Open MPI logo

Hardware Locality Development Mailing List Archives

  |   Home   |   Support   |   FAQ   |  

This web mail archive is frozen.

This page is part of a frozen web archive of this mailing list.

You can still navigate around this archive, but know that no new mails have been added to it since July of 2016.

Click here to be taken to the new web archives of this list; it includes all the mails that are in this frozen archive plus all new mails that have been sent to the list since it was migrated to the new archives.

Subject: Re: [hwloc-devel] Memory affinity
From: Jeff Squyres (jsquyres_at_[hidden])
Date: 2011-02-28 16:30:52


On Feb 28, 2011, at 4:18 PM, Brice Goglin wrote:

> Ah good point! So Jeff has to hope that pages of different processes
> won't be highly mixed in the swap partition, good luck :)

This is really a pretty terrible statement we (the Linux community) are making: it's all about manycore these days, and a direct consequence of that is that it's all about NUMA. So you should bind your memory.

But that may not be enough. Binding memory to a location is not binding -- in the sense that it can change under certain circumstances.

The soundbite version of this is: "binding != binding." Terrible. :-(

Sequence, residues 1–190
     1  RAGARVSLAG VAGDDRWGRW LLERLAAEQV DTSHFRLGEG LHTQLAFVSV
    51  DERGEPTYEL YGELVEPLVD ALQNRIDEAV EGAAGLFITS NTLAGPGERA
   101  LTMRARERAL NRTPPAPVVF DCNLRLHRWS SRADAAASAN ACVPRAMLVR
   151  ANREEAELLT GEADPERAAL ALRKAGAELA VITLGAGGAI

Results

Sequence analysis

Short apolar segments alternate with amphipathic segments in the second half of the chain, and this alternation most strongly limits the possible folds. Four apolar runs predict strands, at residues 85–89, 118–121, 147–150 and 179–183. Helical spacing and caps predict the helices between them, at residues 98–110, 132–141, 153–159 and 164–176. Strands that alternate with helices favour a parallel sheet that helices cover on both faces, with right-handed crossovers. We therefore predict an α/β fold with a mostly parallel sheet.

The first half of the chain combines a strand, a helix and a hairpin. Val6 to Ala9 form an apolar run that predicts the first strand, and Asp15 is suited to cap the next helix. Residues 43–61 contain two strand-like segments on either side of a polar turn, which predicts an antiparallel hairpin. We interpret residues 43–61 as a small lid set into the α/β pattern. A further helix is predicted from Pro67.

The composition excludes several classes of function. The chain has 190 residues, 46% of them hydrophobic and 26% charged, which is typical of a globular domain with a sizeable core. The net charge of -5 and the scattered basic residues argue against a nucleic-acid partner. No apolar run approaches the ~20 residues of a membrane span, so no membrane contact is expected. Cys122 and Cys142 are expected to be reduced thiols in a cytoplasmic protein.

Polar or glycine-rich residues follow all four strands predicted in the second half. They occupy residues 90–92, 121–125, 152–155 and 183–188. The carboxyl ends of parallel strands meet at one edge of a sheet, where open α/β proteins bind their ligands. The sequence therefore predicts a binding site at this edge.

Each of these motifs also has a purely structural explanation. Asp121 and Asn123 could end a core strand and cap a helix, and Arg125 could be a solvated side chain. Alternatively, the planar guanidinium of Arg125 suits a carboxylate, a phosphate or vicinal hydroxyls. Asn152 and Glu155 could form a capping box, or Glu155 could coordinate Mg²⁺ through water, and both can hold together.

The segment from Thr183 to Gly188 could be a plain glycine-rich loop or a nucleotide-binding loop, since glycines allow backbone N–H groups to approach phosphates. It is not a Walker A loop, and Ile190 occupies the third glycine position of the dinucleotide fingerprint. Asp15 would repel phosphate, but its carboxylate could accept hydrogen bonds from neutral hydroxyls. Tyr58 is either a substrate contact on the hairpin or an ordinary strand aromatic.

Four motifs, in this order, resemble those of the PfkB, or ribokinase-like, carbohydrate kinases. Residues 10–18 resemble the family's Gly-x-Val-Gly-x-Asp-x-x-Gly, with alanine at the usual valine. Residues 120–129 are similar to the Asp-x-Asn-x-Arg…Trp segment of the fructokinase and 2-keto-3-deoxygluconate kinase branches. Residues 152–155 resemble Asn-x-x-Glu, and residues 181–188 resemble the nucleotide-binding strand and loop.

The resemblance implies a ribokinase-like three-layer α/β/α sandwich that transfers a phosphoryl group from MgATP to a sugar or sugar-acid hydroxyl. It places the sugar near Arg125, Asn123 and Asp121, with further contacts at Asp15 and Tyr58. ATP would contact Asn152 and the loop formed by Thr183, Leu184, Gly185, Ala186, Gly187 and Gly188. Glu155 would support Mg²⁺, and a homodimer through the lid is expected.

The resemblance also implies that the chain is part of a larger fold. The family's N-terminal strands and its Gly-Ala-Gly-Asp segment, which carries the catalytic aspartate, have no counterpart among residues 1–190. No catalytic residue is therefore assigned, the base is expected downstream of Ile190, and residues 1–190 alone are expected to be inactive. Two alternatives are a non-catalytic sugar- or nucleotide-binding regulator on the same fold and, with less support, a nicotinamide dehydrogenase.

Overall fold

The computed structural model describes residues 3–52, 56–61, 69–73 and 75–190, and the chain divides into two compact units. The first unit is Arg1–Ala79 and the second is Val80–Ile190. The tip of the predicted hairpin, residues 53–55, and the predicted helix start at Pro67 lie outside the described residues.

In many cases, setting a memory policy is probably sufficient to be "sure enough" that your memory will be local. But here's a class of cases where it's not: a multi-threaded application where threads communicate by having a message buffer physically close to a "reader" thread -- the "writer" thread may be far away. A typical scenario is that the writer writes infrequently, but the reader polls frequently. The memory is local to the reader, so it's acceptable.

But if the communication buffer gets swapped out and the writer happens to be the one that touches the memory to get it swapped back in, the message buffer might end up being local to the *writer*, not the *reader*.

Gah!

For cases like this, it sounds like the only way to be sure that the buffer stays where you want it is to actually pin the memory to the memory location close to the receiver.

So: binding + pinning = binding (as long as you can ensure that the binding + pinning was atomic!).

-- 
Jeff Squyres
jsquyres_at_[hidden]
For corporate legal information go to:
http://www.cisco.com/web/about/doing_business/legal/cri/